There's biting off more than you can chew, and there's last night's episode of The Good Wife, which took a run at issues of institutional racism and the police killings of Michael Brown and Eric Garner and ended up smashing into a wall. It was easy to tell something unusual was afoot when the show opened with a title card reading "This episode was written and filmed prior to the grand jury decisions in Ferguson and Staten Island … All mentions of 'Ferguson' are in reference to the events in August 2014 after the shooting death of Michael Brown." Which prompted the question: How would this episode, centered on a political debate between State's Attorney candidates Alicia Florrick and Frank Prady, tackle such a complicated topic?
The answer: clumsily, to say the least. The Good Wife usually excels when keeping it topical, and is remarkably nimble for a network show, getting to current events much more quickly than a 22-episode CBS behemoth should. It's tackled sensitive issues (such as campus rape or NSA wiretapping) with verve and intelligence, and also throws many a sly wink to saucier political theater (Peter's Eliot Spitzer-like affair is core to the original premise) and the Internet memes of the hour. This episode, for some colossally silly reason, featured all of the above. We had Alicia moving to fight off publicity about Peter's latest affair (a fling with his in-house counsel), the firm negotiating a divorce suit for its faux-Google CEO Neil Gross (somehow the words "the Fappening" were uttered), and a looming jury verdict on the homicide of a black Chicagoan, with racial tension about to boil over if the white cops responsible were exonerated.
Recommended: The Case for the Cosby Joke
This show often excels at spinning so many plates at the same time, somehow seamlessly switching between comic material, political squabbling, and truly weighty issues. Not this time. It's hard to say what the biggest misstep was, but things really came apart when Alicia and Frank Prady, their debate interrupted by the breaking news of the jury's verdict, started an impromptu discussion in a hotel kitchen over the best ways to address systemic racism in law enforcement, while the kitchen staff (mostly people of color) gathered and began to interject.
It felt like the show was trying to acknowledge recent events while admitting it lacks the authority to really dig into them.
Why are two white people debating the best way to improve diversity at the State's Attorney office, asked one onlooker. Why pledge to decrease focus on drug crime when such crime can impact minority communities, said another. Another recent immigrant expressed the feeling that African-Americans are responsible for most crime, setting off even more furious debate, a cacophony of yelling that had Alicia and Frank looking befuddled. Herein lies the problem of the episode: It sought to make no real point outside of "issues of race in America sure are complicated!" Alicia and Frank staked out their ground, but the show was careful to side with no one and rather tugged at its collar. It felt patronizing, to say the very least, and like the show was trying to acknowledge recent events while admitting it lacks the authority to really dig into them.
Recommended: The Profound Lack of Empathy in My Husband's Not Gay
Just as tin-eared was a plot centering around the political tinderbox on Chicago's streets as the verdict came in, with Governor Peter Florrick trying to corral two rival religious leaders in the community (recurring characters on the show played by Frankie Faison and Gbenga Akinnagbe) and the mayor, who was inexplicably absent. Peter made the choice to take to the streets and stand in silent solidarity with the leaders of the protest, which seemingly calmed the potential for serious clashes between police and protestors. This was handled with a little more subtlety—Peter made a good political call without too much grandstanding and let those with authority over the issue do the talking—but was mixed in with the dull drama of him breaking off his affair with Connie Nielsen's character, which could have waited a couple of weeks.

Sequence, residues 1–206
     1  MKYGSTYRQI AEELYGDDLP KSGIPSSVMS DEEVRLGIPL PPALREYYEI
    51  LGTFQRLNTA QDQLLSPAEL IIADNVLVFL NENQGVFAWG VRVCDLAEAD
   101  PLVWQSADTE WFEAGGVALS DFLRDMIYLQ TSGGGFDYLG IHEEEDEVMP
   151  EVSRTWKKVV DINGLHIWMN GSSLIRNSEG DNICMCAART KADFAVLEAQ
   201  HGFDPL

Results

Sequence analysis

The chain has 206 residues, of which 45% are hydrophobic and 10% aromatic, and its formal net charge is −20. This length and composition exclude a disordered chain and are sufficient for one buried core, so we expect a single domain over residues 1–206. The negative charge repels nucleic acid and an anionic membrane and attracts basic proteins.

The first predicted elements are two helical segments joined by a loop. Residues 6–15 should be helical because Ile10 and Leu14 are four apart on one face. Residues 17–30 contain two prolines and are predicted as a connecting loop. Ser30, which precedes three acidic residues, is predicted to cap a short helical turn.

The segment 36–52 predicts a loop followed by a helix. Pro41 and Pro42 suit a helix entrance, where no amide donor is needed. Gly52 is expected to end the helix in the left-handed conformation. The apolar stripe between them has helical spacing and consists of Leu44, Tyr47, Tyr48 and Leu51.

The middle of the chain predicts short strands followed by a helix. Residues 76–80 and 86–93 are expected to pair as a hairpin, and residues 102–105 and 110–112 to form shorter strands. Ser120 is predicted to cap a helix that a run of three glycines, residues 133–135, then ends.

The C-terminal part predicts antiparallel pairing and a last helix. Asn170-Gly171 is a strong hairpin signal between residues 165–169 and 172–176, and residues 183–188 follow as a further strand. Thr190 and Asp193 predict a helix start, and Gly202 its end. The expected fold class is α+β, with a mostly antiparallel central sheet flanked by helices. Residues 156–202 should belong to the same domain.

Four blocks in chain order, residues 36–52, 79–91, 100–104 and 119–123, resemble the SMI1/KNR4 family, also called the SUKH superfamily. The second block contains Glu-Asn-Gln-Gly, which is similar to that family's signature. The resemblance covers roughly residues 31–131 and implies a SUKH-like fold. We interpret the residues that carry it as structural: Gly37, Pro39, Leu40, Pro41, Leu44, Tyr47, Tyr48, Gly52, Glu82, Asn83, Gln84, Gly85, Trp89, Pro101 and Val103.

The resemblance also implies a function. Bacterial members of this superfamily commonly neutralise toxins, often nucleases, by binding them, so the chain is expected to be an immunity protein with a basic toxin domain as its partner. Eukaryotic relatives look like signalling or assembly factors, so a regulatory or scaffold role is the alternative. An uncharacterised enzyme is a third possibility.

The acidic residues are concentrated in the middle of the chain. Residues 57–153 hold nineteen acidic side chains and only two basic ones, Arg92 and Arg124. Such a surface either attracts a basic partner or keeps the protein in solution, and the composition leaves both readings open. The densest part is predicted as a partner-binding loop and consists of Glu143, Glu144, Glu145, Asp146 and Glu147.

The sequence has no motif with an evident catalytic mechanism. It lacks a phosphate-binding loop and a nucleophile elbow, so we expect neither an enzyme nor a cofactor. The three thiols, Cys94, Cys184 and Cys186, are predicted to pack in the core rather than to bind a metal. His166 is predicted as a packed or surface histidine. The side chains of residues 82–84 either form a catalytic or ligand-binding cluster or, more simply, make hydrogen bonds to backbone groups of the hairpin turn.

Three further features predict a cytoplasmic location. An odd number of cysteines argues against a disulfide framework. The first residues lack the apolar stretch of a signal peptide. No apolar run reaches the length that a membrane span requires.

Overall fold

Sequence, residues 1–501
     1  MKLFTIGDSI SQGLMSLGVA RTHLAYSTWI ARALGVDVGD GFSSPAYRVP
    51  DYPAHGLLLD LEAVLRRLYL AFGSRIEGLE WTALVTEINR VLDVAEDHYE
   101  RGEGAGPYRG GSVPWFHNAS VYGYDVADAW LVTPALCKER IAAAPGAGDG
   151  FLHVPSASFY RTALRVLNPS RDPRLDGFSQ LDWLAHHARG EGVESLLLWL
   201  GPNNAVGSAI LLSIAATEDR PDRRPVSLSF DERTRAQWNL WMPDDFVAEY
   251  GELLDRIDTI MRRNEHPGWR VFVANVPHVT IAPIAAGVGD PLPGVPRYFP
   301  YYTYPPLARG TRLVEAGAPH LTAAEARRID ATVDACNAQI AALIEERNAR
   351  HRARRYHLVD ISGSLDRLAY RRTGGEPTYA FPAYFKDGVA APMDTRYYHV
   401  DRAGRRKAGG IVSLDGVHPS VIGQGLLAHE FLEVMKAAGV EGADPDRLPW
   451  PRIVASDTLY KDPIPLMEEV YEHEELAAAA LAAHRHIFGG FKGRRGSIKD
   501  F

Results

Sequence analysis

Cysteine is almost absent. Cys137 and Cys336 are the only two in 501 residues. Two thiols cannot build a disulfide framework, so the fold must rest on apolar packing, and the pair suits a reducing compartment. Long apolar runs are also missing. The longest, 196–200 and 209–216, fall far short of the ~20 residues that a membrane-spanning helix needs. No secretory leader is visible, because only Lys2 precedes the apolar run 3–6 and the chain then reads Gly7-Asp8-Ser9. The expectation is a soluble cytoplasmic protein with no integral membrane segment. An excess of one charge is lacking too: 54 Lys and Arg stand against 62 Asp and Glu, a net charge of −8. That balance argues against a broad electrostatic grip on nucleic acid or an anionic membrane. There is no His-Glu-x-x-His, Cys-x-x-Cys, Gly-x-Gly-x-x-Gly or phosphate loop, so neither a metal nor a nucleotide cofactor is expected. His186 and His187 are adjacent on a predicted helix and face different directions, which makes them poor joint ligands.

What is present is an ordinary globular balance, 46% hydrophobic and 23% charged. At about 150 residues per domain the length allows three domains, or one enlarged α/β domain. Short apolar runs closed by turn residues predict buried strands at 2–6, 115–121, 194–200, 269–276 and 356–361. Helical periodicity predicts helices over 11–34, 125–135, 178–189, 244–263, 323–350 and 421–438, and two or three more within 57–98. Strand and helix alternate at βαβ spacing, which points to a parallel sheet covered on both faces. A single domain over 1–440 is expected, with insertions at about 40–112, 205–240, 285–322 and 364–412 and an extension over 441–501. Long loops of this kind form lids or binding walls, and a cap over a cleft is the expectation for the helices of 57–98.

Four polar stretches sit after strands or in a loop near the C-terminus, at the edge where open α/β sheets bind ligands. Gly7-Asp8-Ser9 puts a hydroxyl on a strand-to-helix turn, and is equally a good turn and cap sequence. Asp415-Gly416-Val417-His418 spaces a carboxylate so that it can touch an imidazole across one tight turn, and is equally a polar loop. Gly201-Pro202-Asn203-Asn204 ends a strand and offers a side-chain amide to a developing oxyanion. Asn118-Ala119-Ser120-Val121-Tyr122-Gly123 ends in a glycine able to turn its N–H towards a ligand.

This show has done much, much better in the past. A multi-episode plotline in season three explored the banal, systematic racism of the State's Attorney's office, with Peter promoting Cary to a top deputy position despite his relative lack of experience. Peter saw Cary as a good hire, as he indisputably proved to be, but also as a peer in a way that he probably could not have with the office's more-experienced black attorneys. Over the span of several episodes, the show did a nuanced job exploring Peter's bias, which he could never really acknowledge to himself, as a way of examining ingrained white privilege. In contrast, “The Debate” tried to tackle the issues of Ferguson and Eric Garner in just 42 minutes.
The Good Wife is about to go on another break before returning in March for the final 10 episodes of the season, and at the very least, the stakes for that run are now clearly laid out. The law firm has re-hired the mean and wonderful bulldog David Lee (Zach Grenier), and with Cary back in his office, we should have plenty of juicy courtroom drama in a season that's been a little lacking of late. Alicia is finally, firmly committed to the idea that she's the right person for the job, and is throwing herself into her campaign. Tech magnate Neil Gross has fired the firm, so hopefully we never have to hear the words "ChumHum" again. It's been a muddled season, but this framework offers great potential for a big turnaround. And with any luck, “The Debate” will prove a lesson to the show in the future, prompting it to slow down and give searing topical issues the time they deserve.
This article was originally published at http://www.theatlantic.com/entertainment/archive/2015/01/the-good-wife-stumbles-trying-to-confront-institutional-racism/384448/